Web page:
We don’t do nostalgia for an unlived past here in the garden and we sure don’t do the *Golden Age envy* thing either.  That Blowin’ in the Wind may be now and in 3129 an occasion for reflection, for pleasure, for wonder, isn’t the point. That song masters and deepens a form and defends the truism of timelessness. And even if timelessness can be right here and now 50 years after the song was born, in living sweat when we get Blowin’ in the Wind as an encore, that’s still not what I’m after here. I’m after the force that through the green fuse…. And I hear it and feel it in stumbles and growth spurts, not in the anthems.

Emmett Till stumbles all over itself with  mismatched voices. There’s the childlike language of a naif shocked at atrocity and the justice not served: a dreadful tragedy…too evil to repeat….I’m sure it ain’t no lie. . .if you can’t speak out against this kind of thing...so godawful low. And there are the sudden spikes of elegance and maturity in the imagery, the rhyme, the meter: rolled his body down a gulf amidst a blood red rain/And they threw him in the waters wide to cease his screaming pain.. .floats the foam of a Jim Crow southern sea. . .eyes are filled with dead men’s dirt, mind is filled with dust. . .ghost-robed Ku Klux Klan. The fineness of these phrases turns the ingenuous moral appeals into forced naivete. Into the righteous outcry erupts a newfound joy in the sound and playfulness of language. There’s real sensual and immodest pleasure in inventing and performing these phrases that’s at odds with the song’s framing persona– if all of us folks that thinks alike about violence and injustice. . .well, some of us decent folk are guiltily relishing and repeating to ourselves the sheer prettiness of float the foam of a Jim Crow southern sea.  Art can be beautiful and moral, and by Hattie Carroll, Dylan will have figured out how to make that work without hiccups. But I hear the hiccups in Emmett Till. The song is badly controlled, awkward, and always fresh. Growth spurts.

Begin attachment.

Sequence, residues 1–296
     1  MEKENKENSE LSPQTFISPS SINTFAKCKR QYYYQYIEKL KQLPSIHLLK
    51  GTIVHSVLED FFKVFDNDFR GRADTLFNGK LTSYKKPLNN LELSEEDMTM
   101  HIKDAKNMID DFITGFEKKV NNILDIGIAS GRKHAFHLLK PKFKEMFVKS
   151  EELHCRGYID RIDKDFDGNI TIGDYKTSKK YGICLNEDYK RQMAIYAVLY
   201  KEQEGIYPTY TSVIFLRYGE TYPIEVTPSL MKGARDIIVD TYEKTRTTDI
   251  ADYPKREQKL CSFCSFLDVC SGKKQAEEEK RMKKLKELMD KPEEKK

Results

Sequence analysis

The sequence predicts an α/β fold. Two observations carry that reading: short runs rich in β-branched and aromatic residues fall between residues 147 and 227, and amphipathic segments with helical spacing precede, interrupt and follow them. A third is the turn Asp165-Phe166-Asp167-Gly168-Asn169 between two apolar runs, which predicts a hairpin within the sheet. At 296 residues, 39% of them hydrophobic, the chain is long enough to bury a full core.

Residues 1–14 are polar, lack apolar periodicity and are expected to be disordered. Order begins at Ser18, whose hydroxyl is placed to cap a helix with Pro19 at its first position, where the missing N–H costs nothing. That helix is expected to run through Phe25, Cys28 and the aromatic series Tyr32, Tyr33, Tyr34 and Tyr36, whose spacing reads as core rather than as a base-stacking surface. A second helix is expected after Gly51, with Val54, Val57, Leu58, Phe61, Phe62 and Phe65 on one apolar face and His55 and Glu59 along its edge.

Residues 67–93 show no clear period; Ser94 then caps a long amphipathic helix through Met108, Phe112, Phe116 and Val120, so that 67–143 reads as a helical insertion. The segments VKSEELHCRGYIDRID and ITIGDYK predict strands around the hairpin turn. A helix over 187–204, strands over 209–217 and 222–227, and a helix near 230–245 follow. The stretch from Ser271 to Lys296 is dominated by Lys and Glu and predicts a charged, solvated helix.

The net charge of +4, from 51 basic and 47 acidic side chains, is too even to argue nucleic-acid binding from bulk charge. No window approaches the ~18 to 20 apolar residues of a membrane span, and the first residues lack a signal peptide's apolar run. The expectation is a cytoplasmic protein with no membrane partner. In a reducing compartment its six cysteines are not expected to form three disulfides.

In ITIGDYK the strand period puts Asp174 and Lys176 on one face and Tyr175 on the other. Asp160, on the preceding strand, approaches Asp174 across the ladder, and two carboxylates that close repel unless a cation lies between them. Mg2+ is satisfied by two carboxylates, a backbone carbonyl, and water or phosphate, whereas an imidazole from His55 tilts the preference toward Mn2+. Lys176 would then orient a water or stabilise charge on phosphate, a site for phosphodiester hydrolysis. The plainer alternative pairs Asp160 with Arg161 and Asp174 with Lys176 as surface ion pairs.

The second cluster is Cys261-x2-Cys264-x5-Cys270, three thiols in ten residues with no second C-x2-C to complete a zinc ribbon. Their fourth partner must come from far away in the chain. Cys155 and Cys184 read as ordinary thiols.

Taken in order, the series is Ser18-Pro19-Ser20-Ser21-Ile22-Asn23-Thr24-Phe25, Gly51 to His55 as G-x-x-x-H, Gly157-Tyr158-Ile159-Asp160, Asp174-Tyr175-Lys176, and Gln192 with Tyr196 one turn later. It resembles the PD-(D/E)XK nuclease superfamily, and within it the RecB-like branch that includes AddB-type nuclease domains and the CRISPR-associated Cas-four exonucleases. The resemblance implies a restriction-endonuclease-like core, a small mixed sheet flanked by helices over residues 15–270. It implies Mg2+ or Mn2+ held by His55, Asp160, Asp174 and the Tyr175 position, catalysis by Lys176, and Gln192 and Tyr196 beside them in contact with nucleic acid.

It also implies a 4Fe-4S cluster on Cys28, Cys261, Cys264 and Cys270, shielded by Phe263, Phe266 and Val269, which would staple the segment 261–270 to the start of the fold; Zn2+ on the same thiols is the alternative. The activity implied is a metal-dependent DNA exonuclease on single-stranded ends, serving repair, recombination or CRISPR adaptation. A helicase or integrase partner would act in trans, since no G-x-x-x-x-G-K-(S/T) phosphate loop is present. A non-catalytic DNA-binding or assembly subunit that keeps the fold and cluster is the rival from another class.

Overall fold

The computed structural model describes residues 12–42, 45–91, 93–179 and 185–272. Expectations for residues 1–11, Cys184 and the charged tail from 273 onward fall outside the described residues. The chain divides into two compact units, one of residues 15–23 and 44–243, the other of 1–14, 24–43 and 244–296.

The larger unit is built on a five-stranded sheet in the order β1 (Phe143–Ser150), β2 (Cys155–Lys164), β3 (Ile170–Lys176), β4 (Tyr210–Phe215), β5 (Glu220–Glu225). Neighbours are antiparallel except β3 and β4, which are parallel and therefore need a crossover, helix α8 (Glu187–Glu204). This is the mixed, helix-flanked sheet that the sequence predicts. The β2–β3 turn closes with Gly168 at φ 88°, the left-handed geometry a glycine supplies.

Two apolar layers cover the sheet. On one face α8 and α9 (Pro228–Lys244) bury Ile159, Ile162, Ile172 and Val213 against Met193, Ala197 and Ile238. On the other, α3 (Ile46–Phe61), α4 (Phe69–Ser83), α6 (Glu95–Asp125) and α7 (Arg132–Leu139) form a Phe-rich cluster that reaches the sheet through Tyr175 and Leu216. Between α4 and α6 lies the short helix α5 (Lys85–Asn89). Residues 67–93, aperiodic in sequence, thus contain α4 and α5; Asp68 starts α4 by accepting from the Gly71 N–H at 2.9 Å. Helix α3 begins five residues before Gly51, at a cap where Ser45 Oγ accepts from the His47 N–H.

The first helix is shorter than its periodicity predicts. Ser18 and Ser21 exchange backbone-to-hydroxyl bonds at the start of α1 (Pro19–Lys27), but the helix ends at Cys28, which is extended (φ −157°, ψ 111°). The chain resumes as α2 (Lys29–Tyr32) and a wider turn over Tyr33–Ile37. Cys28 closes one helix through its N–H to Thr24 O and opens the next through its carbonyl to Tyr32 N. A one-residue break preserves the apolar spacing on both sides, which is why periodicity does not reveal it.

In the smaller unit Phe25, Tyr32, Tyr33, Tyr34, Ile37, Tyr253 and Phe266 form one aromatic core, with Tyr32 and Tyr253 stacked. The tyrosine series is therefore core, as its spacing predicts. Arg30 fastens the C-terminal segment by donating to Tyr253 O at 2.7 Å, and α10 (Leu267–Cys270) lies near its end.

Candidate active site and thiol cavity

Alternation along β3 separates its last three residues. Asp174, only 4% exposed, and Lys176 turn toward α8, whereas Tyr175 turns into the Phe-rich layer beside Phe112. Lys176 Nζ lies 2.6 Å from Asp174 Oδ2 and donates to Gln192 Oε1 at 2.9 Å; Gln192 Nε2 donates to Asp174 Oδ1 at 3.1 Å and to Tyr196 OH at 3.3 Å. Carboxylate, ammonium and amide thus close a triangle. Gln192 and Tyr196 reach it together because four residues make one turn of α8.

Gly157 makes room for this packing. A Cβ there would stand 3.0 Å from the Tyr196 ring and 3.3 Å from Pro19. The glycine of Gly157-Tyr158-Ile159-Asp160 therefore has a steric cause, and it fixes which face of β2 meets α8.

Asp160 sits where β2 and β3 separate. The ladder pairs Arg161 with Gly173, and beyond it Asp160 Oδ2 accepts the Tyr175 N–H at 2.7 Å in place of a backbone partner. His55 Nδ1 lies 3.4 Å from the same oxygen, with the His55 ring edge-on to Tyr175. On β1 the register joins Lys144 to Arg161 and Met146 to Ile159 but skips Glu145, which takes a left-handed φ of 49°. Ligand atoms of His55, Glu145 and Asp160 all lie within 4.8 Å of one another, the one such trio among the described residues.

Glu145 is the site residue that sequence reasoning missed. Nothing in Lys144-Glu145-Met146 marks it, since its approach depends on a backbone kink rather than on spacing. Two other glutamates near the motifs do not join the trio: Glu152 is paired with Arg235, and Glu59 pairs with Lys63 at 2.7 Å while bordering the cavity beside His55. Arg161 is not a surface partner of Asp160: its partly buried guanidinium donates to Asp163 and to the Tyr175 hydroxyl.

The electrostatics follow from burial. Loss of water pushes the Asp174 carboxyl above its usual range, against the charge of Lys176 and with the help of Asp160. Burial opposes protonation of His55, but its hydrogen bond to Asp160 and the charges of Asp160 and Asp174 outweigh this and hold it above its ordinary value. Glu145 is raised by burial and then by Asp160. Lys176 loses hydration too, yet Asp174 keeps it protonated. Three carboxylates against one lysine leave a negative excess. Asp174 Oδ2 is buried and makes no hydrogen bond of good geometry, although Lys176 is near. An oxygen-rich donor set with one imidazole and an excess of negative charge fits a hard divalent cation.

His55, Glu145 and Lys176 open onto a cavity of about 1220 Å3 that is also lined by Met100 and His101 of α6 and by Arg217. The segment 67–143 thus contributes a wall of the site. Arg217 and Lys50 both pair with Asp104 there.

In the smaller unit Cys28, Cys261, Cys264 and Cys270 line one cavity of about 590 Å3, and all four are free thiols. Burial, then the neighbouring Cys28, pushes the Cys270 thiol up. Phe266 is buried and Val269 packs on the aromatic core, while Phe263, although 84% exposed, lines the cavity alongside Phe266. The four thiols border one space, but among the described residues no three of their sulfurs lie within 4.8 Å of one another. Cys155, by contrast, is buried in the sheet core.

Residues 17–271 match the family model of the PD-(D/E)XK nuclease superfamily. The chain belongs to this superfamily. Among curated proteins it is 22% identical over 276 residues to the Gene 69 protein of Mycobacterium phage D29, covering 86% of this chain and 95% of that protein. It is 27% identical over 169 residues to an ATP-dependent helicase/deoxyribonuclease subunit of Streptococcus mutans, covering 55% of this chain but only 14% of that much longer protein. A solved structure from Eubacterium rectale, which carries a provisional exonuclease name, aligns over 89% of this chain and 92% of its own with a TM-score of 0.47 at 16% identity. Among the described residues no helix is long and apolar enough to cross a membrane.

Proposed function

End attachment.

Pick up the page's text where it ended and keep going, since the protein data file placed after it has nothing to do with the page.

Long Ago, Far Away is one of those leaps, where you can feel the leaping. Here he’s got it all–youthful moral outrage, tightwoven phrasing, spiky smart and agile imagery, and the language simple and deft and never clashing with its voice: chains of slaves they dragged the ground/With heads and hearts hung low. . .the whole world bled its blood. . .people cheered with bloodshot grins. . . The song has the infectious energy and purpose of great gospel. It’s also got its own delectation of language and you can feel the singer discovering the joy of making all this happen each time you listen. He’s reined in that growling shrieking timbre that’s rather out of hand in Gospel Plow.  He seems surprised by his own wild ride, we’re surprised too. One big growth spurt, I think–a leap.

Blowin’ like she’s blowin’ right on time and Blowin’ like she ain’t gonna blow no more.  Not far from the Dusquesne whistle he sings, It’s now or never. Tempest is my real-time seduction, my green fuse–gnarled and murky and juicy for all that. I’ll try to listen for the whistle and Sony can go to hell.

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8 thoughts on “Old, Young. . .

  1. As I find myself going a little stir crazy for something to sink my teeth into.
    Eruke gives up a little of her inner being here, just to taste the truth,
    the frenzy of desire, oh well, he’ll be back in Spring, to sing, again.
    Thanks for the feedback from the youth we never had, but will certainly find again….

    “…with the juice running down my leg”

    • Thanks–I have a fairly meager inner being but whatever shreds are in there end up here eventually. Spring is a long time coming here in Brooklyn which right now is one extra large bare ruined choir. Do you know that Dan Rather quoted ‘If you don’t believe there’s a price for this sweet paradise/Remind me to show you the scars” on I think his final broadcast?

      • Wow. I did not know about Rather. Quite interesting. Not as weird as Schwarzkopf being a fan, but still. And that’s a pretty “obscure” song too (in both meanings of less-known and dark).

        Yep, Sony has really messed up this one. They should release a new Bootleg Series soon to atone for this.